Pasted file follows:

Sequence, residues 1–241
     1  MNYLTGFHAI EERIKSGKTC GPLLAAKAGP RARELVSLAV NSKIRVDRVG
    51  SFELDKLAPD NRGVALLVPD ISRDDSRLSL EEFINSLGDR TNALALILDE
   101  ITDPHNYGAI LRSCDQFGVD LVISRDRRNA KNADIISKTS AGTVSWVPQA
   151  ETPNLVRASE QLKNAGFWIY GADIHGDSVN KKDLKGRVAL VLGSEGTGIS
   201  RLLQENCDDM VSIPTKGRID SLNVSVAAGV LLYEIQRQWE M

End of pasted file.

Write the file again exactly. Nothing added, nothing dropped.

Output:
Sequence, residues 1–241
     1  MNYLTGFHAI EERIKSGKTC GPLLAAKAGP RARELVSLAV NSKIRVDRVG
    51  SFELDKLAPD NRGVALLVPD ISRDDSRLSL EEFINSLGDR TNALALILDE
   101  ITDPHNYGAI LRSCDQFGVD LVISRDRRNA KNADIISKTS AGTVSWVPQA
   151  ETPNLVRASE QLKNAGFWIY GADIHGDSVN KKDLKGRVAL VLGSEGTGIS
   201  RLLQENCDDM VSIPTKGRID SLNVSVAAGV LLYEIQRQWE M